The Hank Aaron Fan’s Guide to Bobbleheads

The bulk of my Hank Aaron collecting is confined to items produced during Hank’s playing days. However, I’ve made an exception for bobbleheads. What follows is what I believe to be a complete collection of collectible Hank Aaron bobbleheads.


While one could argue that any stadium giveaway has a limited release, I am regarding all of the bobbles below as standard issues. The Limited Release section will be reserved only for those bobbles that are individually numbered (e.g., 44 out of 755). Note that I own all of the bobbles in this section and am happy to provide additional pictures and information on request.



  • 1975 Milwaukee Brewers – I believe this was sold at Milwaukee County Stadium souvenir stands in 1975; however, I am unable to find any confirmation. Expect to pay $70 or more for NIB, depending on the condition of the box.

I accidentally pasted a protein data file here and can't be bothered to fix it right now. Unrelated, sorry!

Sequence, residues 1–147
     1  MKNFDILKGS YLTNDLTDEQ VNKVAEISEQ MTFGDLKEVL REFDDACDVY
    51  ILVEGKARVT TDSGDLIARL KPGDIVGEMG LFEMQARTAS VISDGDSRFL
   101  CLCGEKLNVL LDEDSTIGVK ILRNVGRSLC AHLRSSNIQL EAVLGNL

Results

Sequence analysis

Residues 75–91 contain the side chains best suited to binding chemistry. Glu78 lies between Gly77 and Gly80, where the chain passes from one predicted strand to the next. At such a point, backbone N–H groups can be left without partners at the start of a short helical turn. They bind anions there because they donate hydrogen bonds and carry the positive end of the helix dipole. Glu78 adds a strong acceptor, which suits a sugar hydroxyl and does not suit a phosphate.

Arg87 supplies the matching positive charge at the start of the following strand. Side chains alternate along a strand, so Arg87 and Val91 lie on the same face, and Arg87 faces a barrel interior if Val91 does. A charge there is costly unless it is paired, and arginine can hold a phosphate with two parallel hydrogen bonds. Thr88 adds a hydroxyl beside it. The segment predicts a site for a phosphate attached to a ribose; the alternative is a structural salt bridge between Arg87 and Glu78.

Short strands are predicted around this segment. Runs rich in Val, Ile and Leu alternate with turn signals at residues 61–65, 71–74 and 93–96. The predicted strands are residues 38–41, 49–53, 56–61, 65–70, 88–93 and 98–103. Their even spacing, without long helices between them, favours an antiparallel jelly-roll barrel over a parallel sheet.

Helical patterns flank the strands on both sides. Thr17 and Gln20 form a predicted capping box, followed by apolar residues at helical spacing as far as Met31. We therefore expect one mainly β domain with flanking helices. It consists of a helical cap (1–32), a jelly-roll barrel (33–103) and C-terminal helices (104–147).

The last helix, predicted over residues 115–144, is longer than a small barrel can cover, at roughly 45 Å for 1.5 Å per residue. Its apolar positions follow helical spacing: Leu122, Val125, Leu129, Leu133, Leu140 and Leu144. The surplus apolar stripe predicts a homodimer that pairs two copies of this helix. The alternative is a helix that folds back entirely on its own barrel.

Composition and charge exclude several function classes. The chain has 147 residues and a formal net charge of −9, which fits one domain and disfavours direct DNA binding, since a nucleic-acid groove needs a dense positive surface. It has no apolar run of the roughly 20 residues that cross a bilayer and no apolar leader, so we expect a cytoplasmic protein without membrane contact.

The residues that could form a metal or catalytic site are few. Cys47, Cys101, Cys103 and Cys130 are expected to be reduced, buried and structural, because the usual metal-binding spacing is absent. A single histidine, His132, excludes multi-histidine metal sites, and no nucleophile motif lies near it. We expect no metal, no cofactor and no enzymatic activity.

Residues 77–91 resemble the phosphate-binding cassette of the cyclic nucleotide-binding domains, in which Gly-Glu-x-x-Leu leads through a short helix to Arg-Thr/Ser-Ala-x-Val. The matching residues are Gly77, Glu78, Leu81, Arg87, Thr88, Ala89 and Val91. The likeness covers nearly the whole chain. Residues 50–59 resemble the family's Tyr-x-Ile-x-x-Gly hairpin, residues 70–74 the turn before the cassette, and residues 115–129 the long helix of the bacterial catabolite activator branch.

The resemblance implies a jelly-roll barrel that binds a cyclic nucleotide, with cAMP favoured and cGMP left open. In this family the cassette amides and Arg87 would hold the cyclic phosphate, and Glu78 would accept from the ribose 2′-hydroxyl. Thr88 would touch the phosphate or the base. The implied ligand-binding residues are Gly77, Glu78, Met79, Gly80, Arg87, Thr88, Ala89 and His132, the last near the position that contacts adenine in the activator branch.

• 2001 Milwaukee Braves – This was released by Bobble Dobbles in 2001. I believe it was sold directly to consumers rather than given out as a stadium promotion. Expect to pay $60 or more for NIB.
  • 2002 Milwaukee Brewers – This was a stadium giveaway by the Milwaukee Brewers on August 11, 2002. Expect to pay about $45 for NIB.
  • 2003 Greenville Braves – This was a stadium giveaway by the Greenville Braves (former South Carolina AA affiliate) on July 5, 2003. At a glance, the bobblehead looks similar to the 2003 Atlanta Braves release. However, this scarcer minor league release is easily distinguished by the “Advance Auto Parts” signage, the round base, and the dark jersey.
  • 2003 Atlanta Braves – This was a stadium giveaway by the Atlanta Braves on September 19, 2003. Expect to pay about $45 for NIB.
  • 2010 Milwaukee Brewers – This was a stadium giveaway by the Milwaukee Brewers on May 16, 2010. The sponsor was the Wisconsin Milk Marketing Board, which explains the hunk of cheese at Aaron’s feet. Expect to pay $25 for NIB.